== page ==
Endocrine Disrupting Chemicals and Thyroid OutcomesEPA Grant Number: R830254
Title: Endocrine Disrupting Chemicals and Thyroid Outcomes
Investigators: Anderson, Henry A.
Institution: Wisconsin Department of Health and Family Services
EPA Project Officer: Chung, Serena
Project Period: March 1, 2003 through February 28, 2007 (Extended to February 28, 2009)
Project Amount: $2,288,208
RFA: Endocrine Disruptors: Epidemiologic Approaches (2001) RFA Text | Recipients Lists
Research Category: Environmental Justice , Endocrine Disruptors , Human Health , Safer Chemicals
This study will examine long-term and recent fish consumption in an existing, well-characterized cohort of 4,206 frequent and infrequent Great Lakes sport fish consumers and will expand biomonitoring from the original 538 members of the cohort to include 500 additional members. Dietary exposure to polychlorinated biphenyls (PCBs) may co-vary with exposure to related chemicals such as polybrominated diphenyl ethers (PBDEs) and dichlorodiphenyltrichloroethane (DDT). The effects of these chemicals on thyroid hormone balance will be determined and the impact of reproductive health and other potential confounding variables on these relationships characterized.
PBDEs have recently been identified in sport fish from Lake Michigan at among the highest observed levels worldwide and may be increasing. The objective of this study is to characterize exposures to these chemicals and other relevant variables and to determine mechanisms by which PBDEs in Great Lakes fish may act separately or synergistically with PCB exposure to impair thyroid function.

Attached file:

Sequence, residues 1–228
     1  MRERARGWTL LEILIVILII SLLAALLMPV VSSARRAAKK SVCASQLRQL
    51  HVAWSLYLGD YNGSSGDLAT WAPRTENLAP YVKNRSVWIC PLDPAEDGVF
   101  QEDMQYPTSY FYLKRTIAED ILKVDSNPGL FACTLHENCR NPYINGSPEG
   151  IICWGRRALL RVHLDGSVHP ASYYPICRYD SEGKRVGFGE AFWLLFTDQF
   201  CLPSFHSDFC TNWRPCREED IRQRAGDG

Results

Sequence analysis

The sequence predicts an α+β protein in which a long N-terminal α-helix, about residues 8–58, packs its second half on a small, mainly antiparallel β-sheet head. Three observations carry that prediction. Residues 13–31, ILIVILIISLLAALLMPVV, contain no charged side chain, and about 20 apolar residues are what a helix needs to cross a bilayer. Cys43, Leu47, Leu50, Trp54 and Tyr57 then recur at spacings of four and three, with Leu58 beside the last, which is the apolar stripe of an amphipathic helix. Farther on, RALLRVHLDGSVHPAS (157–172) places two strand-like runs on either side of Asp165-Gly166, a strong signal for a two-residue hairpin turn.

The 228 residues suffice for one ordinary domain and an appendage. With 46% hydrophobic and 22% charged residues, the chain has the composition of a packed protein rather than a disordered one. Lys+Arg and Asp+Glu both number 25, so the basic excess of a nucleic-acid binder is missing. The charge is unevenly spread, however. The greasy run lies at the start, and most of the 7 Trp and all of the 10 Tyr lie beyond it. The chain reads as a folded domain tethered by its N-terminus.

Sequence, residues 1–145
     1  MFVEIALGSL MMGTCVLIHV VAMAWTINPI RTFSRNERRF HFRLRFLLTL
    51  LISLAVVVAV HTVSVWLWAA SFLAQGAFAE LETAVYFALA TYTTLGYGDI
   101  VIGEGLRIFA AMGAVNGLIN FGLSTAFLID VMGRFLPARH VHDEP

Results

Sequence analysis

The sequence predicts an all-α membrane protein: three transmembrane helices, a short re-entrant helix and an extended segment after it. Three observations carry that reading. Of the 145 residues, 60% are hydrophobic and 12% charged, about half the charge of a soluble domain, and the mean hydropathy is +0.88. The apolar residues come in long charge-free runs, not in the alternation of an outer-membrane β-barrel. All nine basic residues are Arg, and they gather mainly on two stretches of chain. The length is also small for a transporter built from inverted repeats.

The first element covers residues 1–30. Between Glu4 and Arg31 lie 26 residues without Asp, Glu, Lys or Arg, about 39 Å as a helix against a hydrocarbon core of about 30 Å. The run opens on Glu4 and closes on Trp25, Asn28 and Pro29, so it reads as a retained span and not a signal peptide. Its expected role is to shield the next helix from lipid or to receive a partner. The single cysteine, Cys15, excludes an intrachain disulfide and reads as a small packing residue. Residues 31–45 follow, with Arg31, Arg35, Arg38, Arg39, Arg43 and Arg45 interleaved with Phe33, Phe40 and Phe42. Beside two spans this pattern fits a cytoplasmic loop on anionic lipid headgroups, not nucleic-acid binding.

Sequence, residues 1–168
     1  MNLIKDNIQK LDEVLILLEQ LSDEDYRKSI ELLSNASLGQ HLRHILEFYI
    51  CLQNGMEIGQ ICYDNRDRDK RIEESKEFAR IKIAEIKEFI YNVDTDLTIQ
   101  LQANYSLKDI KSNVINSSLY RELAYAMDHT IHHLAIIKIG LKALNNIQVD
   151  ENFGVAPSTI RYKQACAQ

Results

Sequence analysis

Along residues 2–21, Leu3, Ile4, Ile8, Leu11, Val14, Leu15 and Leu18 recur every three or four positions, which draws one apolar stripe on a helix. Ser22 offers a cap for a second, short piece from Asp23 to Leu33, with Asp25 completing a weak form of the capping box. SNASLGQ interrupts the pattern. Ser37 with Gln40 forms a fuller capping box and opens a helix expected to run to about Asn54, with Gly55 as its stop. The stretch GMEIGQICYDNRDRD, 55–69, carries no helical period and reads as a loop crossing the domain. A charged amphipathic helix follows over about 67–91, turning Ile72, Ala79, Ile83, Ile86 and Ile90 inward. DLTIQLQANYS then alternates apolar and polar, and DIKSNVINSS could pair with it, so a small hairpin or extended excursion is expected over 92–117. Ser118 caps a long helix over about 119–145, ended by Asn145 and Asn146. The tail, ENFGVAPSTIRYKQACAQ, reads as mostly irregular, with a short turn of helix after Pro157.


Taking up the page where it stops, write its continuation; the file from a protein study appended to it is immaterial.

Fish consumption habits, other exposures to PBDEs and PCBs, diagnosed thyroid disease, medication use and demographic information will be assessed in the full cohort in a telephone interview. Biologic characterization of the major, endocrine disruptors known for this cohort will be conducted in 300 banked blood samples remaining from the original biologic sampling and in the newly selected 500 members. Eligibility for the new biomonitoring sample will be determined from the telephone interview. A more detailed survey and the blood and urine sampling will be conducted at field clinics. Urinary iodine, thyroid hormones, reproductive hormones, hemoglobin A1C (an index of integrated glucose concentration) and congener specific serum concentrations of PCBs, DDE and PBDEs (unadjusted and lipid adjusted) will be determined. Menstrual history and information on other potential confounds will be collected from women of reproductive age at the time of biologic specimen collection.
Age-adjusted prevalence rates of diabetes and thyroid conditions will be determined in the entire cohort and compared with age-adjusted rates for this population using standard statistical techniques. Cases of disease with onset since the previous data collection (1994) will be identified and the associations with sport fish consumption and with serum PBDE, PCB and DDE concentrations examined. The impact of possible confounding variables on these associations will also be determined.